Queue Class Implementation In C++

Filed Under: C++
Queue Class Implementation In C

In this article, we will learn about the template queue class in C++. We will start by discussing queues, and their basic properties and applications of queues in real-life. Later we will discuss the C++ code featuring a template queue class and its working principle. So without any further delay let’s start learning this new data structure.

What Is A Queue?

A queue is simply a data structure that works on the FIFO(First In First Out) principle. This principle says that the first element to enter the queue is the first one to be popped out.

A ticket counter is a much more intuitive example to understand the function of queues. The person who comes first buys the tickets earlier than others.

Real-Life Applications Of Queues

Queues are used very frequently in our lives. Let’s consider some of the most common use-cases of queues.

  • All the client-handling systems are based on queues. Whenever a clients request some services, we use a queue to store and process the data, and the requested services are provided on a first come first serve basis.
  • Popular social media platforms use queues to store various messages and posts sent and received by the users. These posts and messages appear in the ascending order of time of posting or sending.
  • The schedulers in an operating system rely heavily on queues to maintain simultaneous process management and ensure the best performance.
  • Very similar to cpu schedulers, there are disk schedulers, these also use the concept of queues to manage disk data.
Job Scheduler
Job Scheduler

Template Queue Class Implementation In C++

Enough of theory, let’s learn how to implement a template queue class on your own. We will start by looking at the basic structure of a template queue class. The advantage of coding a template class is that we can use any generic data type with a template class.

Properties Of Queues

  • Random access is not allowed
  • Only the access to the front most element is allowed
  • Insertion will take place at the end
  • Deletion takes place from the front

Data Members And Member Functions

Though we can develop a queue using various different data structures like an array, vector, a stack but in this article, we will do this using a linked list. For this purpose, we will also use the STL(Standard Template Library) list container.

Our queue class will consist of two data members.

  • list <T> l: It will strore the data inserted into the queue
  • int cs: This variable denotes the current size of the list

Let’s move to the member functions of the queue class.

  • Queue(): It is the default constructor of the class. This function will initialize the value of current size with zero.
  • bool is_empty(): Checks if the queue is empty or not.
  • void push(T data): Inserts an element at the end of the queue(LIFO property).
  • void pop(): Deletes the element at the front.
  • T get_front(): Returns the element at the front.

Queue()

Queue(): cs(0) {}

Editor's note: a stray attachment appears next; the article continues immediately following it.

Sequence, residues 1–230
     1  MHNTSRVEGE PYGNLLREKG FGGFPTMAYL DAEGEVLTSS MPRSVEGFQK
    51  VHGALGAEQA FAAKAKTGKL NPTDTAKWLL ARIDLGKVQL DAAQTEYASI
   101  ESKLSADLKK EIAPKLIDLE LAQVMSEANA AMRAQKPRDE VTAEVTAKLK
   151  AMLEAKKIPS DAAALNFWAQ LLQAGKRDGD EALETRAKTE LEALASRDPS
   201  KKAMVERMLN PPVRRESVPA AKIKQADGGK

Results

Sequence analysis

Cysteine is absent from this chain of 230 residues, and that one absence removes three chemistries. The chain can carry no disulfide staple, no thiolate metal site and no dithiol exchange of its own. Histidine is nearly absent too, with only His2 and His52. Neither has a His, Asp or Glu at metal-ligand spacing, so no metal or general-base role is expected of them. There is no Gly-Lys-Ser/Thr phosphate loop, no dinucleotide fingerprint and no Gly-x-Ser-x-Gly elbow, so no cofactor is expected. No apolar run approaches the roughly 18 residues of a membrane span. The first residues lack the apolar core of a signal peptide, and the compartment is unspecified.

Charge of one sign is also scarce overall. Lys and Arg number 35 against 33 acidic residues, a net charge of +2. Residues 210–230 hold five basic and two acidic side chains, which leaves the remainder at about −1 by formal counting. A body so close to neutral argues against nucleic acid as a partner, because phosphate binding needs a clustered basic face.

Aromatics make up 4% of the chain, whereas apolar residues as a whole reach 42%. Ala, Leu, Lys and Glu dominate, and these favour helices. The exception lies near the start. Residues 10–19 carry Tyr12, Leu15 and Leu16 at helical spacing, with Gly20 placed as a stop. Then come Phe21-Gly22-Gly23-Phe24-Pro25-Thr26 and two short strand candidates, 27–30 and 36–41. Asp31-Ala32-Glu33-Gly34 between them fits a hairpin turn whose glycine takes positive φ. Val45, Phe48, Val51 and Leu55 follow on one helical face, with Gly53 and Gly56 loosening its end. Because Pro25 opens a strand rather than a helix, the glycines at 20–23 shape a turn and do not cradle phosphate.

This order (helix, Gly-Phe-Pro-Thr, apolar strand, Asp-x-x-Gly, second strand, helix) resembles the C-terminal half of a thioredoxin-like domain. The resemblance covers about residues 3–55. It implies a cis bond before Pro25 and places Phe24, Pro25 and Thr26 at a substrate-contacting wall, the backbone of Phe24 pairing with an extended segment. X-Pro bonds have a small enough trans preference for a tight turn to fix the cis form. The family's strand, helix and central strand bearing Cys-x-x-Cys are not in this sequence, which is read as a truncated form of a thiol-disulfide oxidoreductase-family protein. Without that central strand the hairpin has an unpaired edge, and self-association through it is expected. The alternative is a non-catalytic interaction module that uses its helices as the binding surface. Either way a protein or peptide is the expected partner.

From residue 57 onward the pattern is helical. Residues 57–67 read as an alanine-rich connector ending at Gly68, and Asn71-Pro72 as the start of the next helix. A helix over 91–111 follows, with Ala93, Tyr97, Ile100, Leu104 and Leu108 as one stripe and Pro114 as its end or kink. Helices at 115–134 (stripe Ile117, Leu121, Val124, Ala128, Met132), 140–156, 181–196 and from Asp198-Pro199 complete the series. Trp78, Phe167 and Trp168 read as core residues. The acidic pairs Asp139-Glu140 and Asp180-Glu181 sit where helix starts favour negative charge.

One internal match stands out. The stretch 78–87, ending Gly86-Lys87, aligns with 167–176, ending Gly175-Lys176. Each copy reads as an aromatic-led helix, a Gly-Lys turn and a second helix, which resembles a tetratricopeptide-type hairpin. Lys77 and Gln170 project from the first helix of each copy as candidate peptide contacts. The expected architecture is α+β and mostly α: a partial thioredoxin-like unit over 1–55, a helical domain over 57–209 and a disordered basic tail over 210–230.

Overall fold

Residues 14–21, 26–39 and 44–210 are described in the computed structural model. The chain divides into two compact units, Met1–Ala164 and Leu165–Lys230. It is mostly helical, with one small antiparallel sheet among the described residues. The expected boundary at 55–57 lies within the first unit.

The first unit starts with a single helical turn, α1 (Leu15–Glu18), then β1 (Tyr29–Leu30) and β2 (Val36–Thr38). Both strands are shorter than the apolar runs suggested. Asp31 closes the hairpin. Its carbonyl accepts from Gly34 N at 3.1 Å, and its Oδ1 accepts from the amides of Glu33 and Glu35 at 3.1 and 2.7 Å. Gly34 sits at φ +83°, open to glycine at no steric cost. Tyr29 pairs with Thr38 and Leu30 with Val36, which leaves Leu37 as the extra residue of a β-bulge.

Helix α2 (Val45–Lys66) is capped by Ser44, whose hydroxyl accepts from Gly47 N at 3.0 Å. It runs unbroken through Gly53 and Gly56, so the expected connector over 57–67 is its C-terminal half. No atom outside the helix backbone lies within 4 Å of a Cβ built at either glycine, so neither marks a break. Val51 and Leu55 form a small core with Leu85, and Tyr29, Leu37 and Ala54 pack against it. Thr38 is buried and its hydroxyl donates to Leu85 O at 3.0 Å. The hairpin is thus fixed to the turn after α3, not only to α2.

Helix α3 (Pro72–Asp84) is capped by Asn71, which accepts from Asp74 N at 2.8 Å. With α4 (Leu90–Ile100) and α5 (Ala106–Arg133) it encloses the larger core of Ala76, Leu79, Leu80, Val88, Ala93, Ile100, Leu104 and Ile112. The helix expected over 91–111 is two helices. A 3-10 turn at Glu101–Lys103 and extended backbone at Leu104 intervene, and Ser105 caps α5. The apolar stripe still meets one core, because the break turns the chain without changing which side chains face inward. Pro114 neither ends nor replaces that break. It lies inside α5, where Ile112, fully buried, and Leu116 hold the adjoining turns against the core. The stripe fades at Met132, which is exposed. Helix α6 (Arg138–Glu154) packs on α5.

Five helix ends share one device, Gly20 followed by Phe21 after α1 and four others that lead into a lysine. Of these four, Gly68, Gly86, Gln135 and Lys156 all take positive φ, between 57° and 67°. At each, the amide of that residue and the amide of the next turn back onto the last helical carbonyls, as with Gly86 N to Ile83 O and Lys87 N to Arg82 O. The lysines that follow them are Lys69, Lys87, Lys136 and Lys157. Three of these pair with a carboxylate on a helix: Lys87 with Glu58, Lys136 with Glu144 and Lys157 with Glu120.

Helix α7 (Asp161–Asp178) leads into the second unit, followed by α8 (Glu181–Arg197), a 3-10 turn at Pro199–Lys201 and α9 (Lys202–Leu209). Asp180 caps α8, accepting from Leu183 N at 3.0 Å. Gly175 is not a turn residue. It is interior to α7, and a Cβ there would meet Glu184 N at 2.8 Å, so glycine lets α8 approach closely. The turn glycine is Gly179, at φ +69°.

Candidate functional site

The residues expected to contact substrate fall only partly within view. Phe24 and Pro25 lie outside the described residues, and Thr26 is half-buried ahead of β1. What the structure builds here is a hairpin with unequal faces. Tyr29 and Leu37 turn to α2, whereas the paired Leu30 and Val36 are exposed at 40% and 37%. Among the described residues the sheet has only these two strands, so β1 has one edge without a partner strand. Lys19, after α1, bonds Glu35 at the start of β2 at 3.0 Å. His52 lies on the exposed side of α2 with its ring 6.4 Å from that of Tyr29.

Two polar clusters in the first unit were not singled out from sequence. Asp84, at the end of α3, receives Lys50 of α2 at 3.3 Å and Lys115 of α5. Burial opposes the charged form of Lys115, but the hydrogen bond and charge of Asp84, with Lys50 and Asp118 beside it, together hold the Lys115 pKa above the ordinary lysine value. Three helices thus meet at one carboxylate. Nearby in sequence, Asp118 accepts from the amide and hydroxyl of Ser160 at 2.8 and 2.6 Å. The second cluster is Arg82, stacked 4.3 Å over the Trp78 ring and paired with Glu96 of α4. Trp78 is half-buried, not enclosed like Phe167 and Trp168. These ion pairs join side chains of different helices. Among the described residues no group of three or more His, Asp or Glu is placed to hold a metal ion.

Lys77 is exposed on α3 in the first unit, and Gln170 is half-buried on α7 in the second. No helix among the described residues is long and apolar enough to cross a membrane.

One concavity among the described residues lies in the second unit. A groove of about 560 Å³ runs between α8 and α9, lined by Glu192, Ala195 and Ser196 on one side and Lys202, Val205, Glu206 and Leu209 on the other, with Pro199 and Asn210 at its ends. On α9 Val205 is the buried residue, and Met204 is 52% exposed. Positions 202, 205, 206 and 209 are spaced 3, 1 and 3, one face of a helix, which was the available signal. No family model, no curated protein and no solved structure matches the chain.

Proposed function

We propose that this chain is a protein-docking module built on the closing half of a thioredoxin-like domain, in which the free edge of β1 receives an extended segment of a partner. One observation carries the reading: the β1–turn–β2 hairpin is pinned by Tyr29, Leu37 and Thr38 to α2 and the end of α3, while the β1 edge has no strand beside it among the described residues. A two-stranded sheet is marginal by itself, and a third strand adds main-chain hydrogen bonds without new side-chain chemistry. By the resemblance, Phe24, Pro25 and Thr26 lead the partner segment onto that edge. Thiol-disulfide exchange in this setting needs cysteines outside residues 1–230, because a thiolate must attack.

bool is_empty()

        bool is_empty()
        {
                return cs == 0;
        }

void push(T data)

        void push(T data)
        {
                l.push_back(data);
                cs += 1;
                return;
        }

void pop()

        void pop()
        {
                if(cs == 0)
                        return;
                l.pop_front();
                cs--;
                return;
        }

T get_front()

        T get_front()
        {
                return l.front();
        }

Program To Demonstrate The Working Of Queues

#include <iostream>
#include <list>

using namespace std;

// declaring a template class
// with the template data type as T
template <typename T>
class Queue
{
	// this list will store the data
	// note that declaring data members
	// as private makes the list
	// not accessible to scopes outside
	// the class object
	// hence random access is invoked
	list <T> l;
	// this variable denotes the
	// current size of the queue
	int cs;
public:
	// default constructor
	Queue(): cs(0) {}

	bool is_empty()
	{
		return cs == 0;
	}

	void push(T data)
	{
		l.push_back(data);
		cs += 1;
		return;
	}

	// first we will check if the
	// queue is already empty or not
	// and then proceed accordingly
	void pop()
	{
		if(cs == 0)
			return;
		l.pop_front();
		cs--;
		return;
	}

	// function to return the element
	// at the front of the queue
	T get_front()
	{
		return l.front();
	}
};

template <typename T>
void print_queue(Queue <T> q)
{
	cout << "The Queue Is:" << endl;
	cout << "First <-- ";
	while(!q.is_empty())
	{
		cout << q.get_front() << " <-- ";
		q.pop();
	}
	cout << " <-- Last" << endl << endl;
}

int main()
{
	Queue <string> waiting_list;

	cout << "Enter the elements and type |done| to stop" << endl;

	while(true)
	{
		string ele;
		cin >> ele;

		if(ele == "done")
			break;
		waiting_list.push(ele);
	}

	print_queue(waiting_list);

	cout << "Let's empty the queue by popping elements one by one" << endl;

	while(!waiting_list.is_empty())
	{
		cout << "Deleting: " << waiting_list.get_front() << endl;
		waiting_list.pop();
		print_queue(waiting_list);
	}

	return 0;
}
Queue Program Code
C++ Queue Program Code

Output

Queue Program Output
C++ Queue Program Output

Conclusion

Let’s conclude this article by recalling what we learned from today’s article. We started by discussing queues, then we moved towards some real-life applications of queues. Later we discussed the structure and member functions of a queue class. In the end, we developed a C++ program to demonstrate some common functions of our template queue class.

References

To read more about queues and lists you can refer to the following website.

https://www.journaldev.com/55647/linked-lists-cpp

https://en.cppreference.com/w/cpp/container/queue

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